Google vs. Apple: Dueling Mobile Map Apps

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Ever since the launch of the iPhone, iOS devices came preloaded with Maps, an app built using Google Maps.  That five year mapping relationship is about to come to an end.  The past few years have been dotted with rumors, conjectures, and industry pontification about various geospatial acquisitions and job hirings by Apple.  Over the past few years, industry pundits have called out each purchase by Apple of such companies as  PlacebaseC3 Technologies, and Poly9, which, along with news about crowdsourcing traffic collecting efforts, all pointed towards Apple’s impending strategy of developing in-house its own mapping technology.

The 9to5Mac blog first released an image showing the 3D screenshot of the new Apple map app that will be released with iOS 6. The BGR blog has a gallery showing five blurry peeks of the iOS 6 map app.   One of the features being highlighted is the 3D capabilities provided by C3 Technologies.  BGR, which notes the information is from a “a trusted source” describes the 3D feature:

The iPhone version of Maps has a floating locate me button (it sounds very similar to Android’s Google Maps app) in the bottom left corner. To access 3D mode, which will make use of Apple’s C3 Technologies acquisition, you have to peel back the lower right corner of Maps just like the current version and enable 3D mode. Once enabled, you can switch in and out of 3D mode by tapping a 3D icon in the lower left corner. A photo of this feature can be seen in our gallery.

Mockup created by BGR envisioning what the Apple Map app will look like.

Mockup created by BGR envisioning what the Apple Map app will look like.

It is widely anticipated that Apple’s announcement about iOS 6 will come at the upcoming Apple’s World Wide Developers Conference, which will be held from June 11-15, 2012 in San Francisco, California.


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Competing with the industry buzz about Apple’s impending departure from using Google Maps as its backend technology, Google is building its own publicity over its own announcement about advances in Google Maps and associate geospatial technologies.  In a cross-post on both Google’s Lat Long blog and its Official Blog entitled The never-ending quest for the perfect map, Brian McClendon, VP of Engineering, Google Maps described some of the upcoming advancements for Google Maps that include Street View Trekker, a backpack mounted image capturing device that will allow Google to capture imagery in locales where bikes, cars, and boats can’t venture.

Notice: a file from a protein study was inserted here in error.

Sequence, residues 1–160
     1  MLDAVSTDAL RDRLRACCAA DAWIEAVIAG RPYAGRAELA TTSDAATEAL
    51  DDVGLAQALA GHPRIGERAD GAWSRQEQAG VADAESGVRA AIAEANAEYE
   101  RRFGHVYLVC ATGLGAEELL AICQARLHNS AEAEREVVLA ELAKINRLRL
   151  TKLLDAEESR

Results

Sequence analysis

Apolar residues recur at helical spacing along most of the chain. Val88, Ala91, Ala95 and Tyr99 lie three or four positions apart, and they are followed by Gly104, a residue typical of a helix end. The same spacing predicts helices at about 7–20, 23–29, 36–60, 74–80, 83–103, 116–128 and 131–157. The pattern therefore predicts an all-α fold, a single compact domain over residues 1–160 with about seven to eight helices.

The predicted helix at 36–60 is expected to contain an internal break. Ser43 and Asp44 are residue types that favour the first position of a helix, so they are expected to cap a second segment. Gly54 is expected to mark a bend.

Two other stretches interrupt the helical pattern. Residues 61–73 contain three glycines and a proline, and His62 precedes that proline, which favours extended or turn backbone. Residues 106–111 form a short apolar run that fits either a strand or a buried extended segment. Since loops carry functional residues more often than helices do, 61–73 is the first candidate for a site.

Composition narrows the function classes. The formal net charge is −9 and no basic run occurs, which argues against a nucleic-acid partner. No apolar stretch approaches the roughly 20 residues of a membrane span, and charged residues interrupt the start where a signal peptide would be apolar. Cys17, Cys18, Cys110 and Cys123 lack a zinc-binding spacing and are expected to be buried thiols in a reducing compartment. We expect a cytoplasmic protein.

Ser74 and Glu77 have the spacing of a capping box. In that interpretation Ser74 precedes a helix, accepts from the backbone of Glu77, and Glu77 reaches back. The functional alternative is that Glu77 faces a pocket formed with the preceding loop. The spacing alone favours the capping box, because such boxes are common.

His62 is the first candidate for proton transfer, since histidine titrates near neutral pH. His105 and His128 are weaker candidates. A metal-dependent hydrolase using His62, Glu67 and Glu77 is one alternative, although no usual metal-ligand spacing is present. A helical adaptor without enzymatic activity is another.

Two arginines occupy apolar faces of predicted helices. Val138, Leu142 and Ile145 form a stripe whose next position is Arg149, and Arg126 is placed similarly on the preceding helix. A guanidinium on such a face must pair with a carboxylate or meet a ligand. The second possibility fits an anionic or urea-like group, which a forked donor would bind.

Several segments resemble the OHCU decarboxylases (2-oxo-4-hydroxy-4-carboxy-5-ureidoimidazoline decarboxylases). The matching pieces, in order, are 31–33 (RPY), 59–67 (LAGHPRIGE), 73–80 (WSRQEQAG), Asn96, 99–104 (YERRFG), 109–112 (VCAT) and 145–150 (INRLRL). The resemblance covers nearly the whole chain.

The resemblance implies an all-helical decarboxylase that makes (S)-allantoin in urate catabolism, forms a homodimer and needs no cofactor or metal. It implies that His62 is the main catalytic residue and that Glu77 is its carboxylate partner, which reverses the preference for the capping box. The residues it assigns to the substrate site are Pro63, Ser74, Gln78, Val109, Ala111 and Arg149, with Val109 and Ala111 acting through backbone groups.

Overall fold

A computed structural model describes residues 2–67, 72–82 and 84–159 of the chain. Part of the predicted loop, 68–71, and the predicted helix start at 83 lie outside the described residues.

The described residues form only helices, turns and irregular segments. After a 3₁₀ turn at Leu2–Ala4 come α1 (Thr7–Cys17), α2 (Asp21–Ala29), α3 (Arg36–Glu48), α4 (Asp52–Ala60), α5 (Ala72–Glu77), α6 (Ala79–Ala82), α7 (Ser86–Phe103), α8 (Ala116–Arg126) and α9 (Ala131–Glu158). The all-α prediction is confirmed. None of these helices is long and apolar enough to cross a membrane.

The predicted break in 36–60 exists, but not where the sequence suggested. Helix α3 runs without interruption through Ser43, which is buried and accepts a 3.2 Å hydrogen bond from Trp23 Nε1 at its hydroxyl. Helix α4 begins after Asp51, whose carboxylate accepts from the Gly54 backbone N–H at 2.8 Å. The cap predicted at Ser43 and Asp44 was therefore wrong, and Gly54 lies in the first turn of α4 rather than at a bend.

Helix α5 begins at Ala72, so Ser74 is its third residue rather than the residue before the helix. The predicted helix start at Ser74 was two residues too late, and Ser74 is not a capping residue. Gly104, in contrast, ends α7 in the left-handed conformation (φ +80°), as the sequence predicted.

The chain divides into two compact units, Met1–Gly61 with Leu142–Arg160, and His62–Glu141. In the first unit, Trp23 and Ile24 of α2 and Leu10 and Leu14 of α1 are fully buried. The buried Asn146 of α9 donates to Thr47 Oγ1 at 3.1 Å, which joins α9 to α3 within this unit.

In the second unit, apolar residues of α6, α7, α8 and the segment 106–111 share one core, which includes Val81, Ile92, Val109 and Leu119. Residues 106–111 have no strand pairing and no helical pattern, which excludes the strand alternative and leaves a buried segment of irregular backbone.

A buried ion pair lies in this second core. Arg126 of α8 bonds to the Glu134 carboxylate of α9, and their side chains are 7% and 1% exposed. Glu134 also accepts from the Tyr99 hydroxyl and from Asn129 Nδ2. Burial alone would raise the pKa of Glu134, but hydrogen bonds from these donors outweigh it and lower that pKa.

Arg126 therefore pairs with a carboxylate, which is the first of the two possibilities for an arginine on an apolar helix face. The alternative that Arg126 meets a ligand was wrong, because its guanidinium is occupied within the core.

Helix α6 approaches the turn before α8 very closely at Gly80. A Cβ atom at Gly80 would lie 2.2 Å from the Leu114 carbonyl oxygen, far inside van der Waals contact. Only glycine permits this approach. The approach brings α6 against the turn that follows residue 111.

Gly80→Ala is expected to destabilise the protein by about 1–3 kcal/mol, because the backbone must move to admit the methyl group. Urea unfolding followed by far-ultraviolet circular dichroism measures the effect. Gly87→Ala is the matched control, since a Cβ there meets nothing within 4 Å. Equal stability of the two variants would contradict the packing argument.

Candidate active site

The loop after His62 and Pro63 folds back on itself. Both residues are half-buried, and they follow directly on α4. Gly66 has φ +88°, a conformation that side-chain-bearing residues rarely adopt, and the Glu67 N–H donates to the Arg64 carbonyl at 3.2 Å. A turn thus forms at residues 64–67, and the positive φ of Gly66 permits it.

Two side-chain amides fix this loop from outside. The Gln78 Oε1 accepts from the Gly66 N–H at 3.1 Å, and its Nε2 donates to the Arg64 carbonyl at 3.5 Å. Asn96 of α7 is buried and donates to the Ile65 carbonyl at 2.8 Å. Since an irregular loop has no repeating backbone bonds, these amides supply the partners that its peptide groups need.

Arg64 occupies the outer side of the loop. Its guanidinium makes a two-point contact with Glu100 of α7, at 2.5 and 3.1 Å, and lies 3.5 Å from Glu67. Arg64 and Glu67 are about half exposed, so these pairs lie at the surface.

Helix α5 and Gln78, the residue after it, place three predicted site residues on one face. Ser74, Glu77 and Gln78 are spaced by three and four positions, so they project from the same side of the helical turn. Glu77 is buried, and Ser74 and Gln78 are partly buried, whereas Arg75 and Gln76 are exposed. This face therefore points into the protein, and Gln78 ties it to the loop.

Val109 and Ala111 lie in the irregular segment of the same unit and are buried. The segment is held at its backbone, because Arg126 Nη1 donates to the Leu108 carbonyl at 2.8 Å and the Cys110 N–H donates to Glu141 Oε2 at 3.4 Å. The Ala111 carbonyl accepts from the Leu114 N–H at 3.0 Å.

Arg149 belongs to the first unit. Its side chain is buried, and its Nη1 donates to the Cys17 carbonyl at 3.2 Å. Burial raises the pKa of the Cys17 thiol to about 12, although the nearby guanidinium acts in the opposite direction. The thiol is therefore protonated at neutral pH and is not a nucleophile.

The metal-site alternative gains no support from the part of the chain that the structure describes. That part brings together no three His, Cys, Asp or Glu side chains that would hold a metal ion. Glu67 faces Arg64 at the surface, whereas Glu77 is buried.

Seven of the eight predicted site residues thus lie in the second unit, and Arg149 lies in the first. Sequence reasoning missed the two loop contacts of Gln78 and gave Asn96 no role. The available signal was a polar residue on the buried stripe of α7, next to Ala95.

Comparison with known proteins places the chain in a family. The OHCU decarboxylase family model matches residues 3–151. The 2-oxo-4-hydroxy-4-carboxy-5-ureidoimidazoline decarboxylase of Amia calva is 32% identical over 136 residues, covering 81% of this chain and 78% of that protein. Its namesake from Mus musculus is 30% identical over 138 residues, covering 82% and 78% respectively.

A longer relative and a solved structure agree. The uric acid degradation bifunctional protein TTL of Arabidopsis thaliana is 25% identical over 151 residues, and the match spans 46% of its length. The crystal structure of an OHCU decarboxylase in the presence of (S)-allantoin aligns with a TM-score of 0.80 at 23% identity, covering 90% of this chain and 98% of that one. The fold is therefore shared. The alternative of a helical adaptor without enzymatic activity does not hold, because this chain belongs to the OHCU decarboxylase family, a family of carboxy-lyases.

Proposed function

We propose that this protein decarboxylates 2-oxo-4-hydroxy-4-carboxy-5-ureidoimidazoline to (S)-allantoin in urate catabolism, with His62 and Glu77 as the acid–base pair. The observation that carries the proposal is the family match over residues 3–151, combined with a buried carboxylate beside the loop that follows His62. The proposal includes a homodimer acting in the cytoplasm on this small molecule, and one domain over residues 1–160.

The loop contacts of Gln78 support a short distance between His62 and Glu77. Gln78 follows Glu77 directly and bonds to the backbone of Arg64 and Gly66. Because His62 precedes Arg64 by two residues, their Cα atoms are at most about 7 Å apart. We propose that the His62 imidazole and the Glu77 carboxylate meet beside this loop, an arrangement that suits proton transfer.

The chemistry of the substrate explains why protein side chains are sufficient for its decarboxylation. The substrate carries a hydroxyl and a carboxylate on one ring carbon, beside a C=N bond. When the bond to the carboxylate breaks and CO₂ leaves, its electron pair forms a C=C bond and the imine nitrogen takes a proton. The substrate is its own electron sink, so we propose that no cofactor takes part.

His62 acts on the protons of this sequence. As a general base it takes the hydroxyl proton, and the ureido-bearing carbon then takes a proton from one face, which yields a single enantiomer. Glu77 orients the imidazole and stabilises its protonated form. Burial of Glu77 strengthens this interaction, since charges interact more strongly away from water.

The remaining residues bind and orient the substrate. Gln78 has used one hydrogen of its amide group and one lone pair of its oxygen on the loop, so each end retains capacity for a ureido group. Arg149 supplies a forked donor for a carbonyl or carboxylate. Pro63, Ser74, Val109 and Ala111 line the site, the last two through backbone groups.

Photo showing Luc Vincent, engineering director, taking the Street View Trekker out on a test run in Tahoe.

The post also briefs readers on Google’s mission for comprehensiveness, accuracy and usability of its geospatial offerings.  Offline maps will also become available for Android devices.  Users will be able to download geodata for specified areas on their mobile apps and be able to navigate without an Internet connection.

Also included in this announcement is the addition of 3D models in urban areas to Google Earth on mobile devices (something that has been available to desktop Google Earth since 2006).

This is possible thanks to a combination of our new imagery rendering techniques and computer vision that let us automatically create 3D cityscapes, complete with buildings, terrain and even landscaping, from 45-degree aerial imagery. By the end of the year we aim to have 3D coverage for metropolitan areas with a combined population of 300 million people.

To showcase these announcements, this morning Google had an invite only “Next Dimensions of Google Maps” event which CNET blogged live about. The new advancements are expected to become available in the next few weeks.

Google's 3D Geodata in Urban Areas.

Google's 3D Buildings in Urban Areas.

Opus Research has found that of the $2.5 billion to be spent on mobile ads in 2012, 25% of that are ads connected to maps or location data.  This is an increase from 10% of overall mobile ads sales in 2010 (via Wall Street Journal – subscription required). With a reported 90% of iPhone users using the default map app, Google stands lose a significant amount of traffic and derivative search data as a results of Apple’s move to its own mapping technology for its iOS devices. Insights about people’s locations and travel, has helped Google target ad sales to local businesses.


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